APR vs APY in Crypto: What’s the Difference?
Crypto Basics

APR vs APY in Crypto: What’s the Difference?

Created 3mo ago, last updated 3mo ago

You might have seen the terms APR and APY in the crypto and DeFi space — but have you ever wondered what they exactly mean, and what the difference between the two is? Learn more below.

APR vs APY in Crypto: What’s the Difference?

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When falling into the rabbit hole that is DeFidegens often ape into the highest-yielding yield farms. With yields in the thousands (or millions) percent during the height of the bull market — one can only wonder why it all came crashing down during the onset of the bear market.
Regardless, when participants enter the crypto world, they are often bombarded with new terms and jargon. Whether one is yield farming, or lending or borrowing digital assets, the terms annual percentage rate (APR) and annual percentage yield (APY) usually pops up.

In this article, we dive into the two common metrics used to represent returns on crypto investments and finds out: what exactly is the difference between the two?

Join us in showcasing the cryptocurrency revolution, one newsletter at a time. Subscribe now to get daily news and market updates right to your inbox, along with our millions of other subscribers (that’s right, millions love us!) — what are you waiting for?

What Is APR (Annual Percentage Rate)?

Annual percentage rate is a way to express the annual rate charged on a loan or earned from a return of an investment.

Often, it is used on loans, credit cards, mortgages and investments. Using a simple example, if John’s $10,000 bank account has an annual interest APR of 15%, he will get $1500 in interest after one year.

What Is APY (Annual Percentage Yield)?

APY is much like APR, except it takes the effects of compounding into account. Put simply, compounding is what happens when you earn interest on the previous interest. If John’s bank pays the interest per month, the total interest payment over the year will be different.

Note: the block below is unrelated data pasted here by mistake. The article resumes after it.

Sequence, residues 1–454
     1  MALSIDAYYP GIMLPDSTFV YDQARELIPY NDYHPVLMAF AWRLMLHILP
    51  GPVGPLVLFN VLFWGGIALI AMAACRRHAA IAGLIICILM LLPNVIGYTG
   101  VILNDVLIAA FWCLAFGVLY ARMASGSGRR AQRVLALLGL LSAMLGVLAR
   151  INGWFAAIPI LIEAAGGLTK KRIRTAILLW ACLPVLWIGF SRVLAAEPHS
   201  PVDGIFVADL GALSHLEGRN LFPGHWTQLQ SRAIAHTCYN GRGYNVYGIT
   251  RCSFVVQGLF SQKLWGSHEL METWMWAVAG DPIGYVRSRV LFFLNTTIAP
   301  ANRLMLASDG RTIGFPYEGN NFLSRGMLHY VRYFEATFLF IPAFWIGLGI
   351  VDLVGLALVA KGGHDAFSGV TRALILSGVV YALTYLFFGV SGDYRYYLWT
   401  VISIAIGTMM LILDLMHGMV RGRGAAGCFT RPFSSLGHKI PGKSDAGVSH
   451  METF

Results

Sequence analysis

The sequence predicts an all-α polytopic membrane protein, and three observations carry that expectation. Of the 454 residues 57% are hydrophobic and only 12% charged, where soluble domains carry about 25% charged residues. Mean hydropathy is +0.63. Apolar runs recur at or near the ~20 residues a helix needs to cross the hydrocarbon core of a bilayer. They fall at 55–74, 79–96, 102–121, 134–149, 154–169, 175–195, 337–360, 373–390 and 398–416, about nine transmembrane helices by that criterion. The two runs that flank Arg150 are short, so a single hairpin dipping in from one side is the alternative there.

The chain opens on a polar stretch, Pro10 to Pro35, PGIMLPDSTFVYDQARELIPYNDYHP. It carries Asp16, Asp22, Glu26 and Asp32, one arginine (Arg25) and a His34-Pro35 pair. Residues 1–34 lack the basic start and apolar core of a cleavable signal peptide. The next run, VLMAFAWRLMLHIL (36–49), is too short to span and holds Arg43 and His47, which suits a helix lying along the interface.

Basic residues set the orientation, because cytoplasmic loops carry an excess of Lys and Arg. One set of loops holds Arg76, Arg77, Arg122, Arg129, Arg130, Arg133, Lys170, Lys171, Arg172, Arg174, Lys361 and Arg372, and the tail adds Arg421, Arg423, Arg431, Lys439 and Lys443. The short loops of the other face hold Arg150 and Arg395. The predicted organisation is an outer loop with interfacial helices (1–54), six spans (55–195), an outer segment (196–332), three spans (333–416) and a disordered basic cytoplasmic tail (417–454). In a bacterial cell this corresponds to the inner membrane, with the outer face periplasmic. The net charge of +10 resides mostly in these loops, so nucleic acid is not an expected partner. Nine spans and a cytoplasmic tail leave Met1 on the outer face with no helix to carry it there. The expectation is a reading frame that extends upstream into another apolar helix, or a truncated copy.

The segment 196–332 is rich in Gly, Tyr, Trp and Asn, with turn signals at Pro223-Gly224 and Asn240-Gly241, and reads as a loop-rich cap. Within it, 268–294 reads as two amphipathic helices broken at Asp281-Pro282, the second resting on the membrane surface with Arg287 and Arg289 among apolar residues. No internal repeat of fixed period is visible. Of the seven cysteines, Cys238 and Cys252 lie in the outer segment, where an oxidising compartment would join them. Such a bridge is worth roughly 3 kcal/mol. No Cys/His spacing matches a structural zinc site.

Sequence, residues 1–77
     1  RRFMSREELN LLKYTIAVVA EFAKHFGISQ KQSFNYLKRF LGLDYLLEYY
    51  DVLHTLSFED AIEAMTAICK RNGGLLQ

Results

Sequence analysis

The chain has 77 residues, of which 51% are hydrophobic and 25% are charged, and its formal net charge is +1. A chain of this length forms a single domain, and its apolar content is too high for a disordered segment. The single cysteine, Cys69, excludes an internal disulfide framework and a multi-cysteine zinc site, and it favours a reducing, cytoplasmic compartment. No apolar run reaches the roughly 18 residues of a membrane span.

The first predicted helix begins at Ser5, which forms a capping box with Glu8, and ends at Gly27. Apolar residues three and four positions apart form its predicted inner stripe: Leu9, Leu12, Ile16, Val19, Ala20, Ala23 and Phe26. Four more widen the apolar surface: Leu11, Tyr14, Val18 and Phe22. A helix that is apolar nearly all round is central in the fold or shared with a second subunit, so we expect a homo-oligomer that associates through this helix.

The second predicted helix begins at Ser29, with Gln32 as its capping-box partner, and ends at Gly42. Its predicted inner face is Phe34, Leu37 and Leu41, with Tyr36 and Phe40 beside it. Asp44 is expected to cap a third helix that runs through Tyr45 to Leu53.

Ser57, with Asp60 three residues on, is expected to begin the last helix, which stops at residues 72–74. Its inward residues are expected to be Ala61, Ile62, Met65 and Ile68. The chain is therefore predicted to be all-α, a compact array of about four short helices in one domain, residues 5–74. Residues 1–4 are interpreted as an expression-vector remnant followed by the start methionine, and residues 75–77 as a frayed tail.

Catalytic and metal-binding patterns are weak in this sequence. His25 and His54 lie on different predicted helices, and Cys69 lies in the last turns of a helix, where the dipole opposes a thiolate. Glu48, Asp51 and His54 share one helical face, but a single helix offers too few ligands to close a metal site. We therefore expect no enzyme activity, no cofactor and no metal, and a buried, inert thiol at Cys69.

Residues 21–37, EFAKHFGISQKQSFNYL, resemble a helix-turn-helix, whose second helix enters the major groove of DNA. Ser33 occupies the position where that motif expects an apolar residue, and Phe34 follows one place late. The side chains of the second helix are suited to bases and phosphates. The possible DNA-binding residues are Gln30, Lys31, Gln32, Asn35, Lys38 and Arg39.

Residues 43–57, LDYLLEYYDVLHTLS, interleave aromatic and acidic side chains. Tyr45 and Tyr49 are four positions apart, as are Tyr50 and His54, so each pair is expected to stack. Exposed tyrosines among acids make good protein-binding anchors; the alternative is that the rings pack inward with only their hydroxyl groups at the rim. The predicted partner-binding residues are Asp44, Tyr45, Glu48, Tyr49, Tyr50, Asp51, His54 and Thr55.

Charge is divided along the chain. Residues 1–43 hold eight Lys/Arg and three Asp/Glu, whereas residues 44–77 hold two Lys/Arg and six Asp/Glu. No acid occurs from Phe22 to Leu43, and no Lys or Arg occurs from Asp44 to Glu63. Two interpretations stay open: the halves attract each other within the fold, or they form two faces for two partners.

Understanding Compound Interest and Interest Rates

Instead of getting $1,500 at the end of the year, John gets some interest each month. Assuming he does not withdraw the interest earned, his bank account will therefore grow slightly every month.

At the same time, the interest will be calculated on that larger balance month after month. As a result, the interest payment grows slightly larger each time.

This is called the compounding effect.

APR vs APY Example

Remember in the first example, John's bank account gives an APR of 15%? Now, assume that the nominal interest rate — that is, the base rate that does not include compounding — is also 15%.

Note: there is a difference if the nominal rate is 15% versus the APY being 15%, if the latter is 15%, then John would have earned a similar amount of interest as the first example.

With a nominal interest rate of 15%, and by adding the effect of interest that compounds, John will now earn $1,607.55 in interest over the year, making the effective APY 16.075%.

The effect becomes especially large over larger periods of time. If John locks his account for three years, he will make $5,639.44 in interest over the period with compounding, and just $2,479 without it.

This is why Einstein once said:

“Compound interest is the eighth wonder of the world. He who understands it, earns it; he who doesn't, pays it.”
Fun fact: Einstein invested the bulk of his 1921 Nobel Prize money in the stock market — and lost it all when the stock market crashed in 1929, during the onset of the Great Depression. We like to think he would make a good degen in the crypto space.

Are APR and APY the same thing?

To put it simply: no, they are not.

APR is a simpler metric; it shows a constant yearly rate. APR is often shown as the amount of interest on personal loans or credit card debt.

APY shows yearly rates too, but also includes compounding effects. The APY will go up or down, depending on how often the compounding takes place. The frequency of compounding is also called the compounding period.